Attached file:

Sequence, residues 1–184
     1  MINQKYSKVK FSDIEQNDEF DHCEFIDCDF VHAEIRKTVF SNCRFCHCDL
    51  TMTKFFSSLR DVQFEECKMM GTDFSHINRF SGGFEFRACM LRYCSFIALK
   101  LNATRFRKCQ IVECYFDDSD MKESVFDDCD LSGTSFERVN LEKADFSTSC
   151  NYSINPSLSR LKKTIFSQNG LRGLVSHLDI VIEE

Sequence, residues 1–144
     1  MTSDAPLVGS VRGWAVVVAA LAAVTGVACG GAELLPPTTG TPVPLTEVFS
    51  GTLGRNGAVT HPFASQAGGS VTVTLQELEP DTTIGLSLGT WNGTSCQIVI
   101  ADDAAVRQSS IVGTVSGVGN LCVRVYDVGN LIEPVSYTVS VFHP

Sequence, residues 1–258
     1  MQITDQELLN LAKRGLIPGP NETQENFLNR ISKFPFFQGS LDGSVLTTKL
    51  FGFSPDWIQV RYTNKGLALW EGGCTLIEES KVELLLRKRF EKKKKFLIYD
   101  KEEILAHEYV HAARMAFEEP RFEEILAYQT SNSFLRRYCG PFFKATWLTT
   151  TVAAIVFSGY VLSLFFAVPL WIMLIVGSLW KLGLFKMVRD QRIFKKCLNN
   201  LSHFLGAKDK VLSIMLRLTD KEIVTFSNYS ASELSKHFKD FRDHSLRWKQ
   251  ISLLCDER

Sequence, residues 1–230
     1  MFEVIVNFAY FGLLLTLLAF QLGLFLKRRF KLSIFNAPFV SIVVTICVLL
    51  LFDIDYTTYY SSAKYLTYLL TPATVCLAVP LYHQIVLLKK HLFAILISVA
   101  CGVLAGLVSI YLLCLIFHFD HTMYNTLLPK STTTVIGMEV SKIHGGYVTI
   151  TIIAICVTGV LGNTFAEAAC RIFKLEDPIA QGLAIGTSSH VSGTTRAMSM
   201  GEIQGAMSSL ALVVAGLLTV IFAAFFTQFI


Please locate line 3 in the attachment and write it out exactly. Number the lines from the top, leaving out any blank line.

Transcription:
    51  TMTKFFSSLR DVQFEECKMM GTDFSHINRF SGGFEFRACM LRYCSFIALK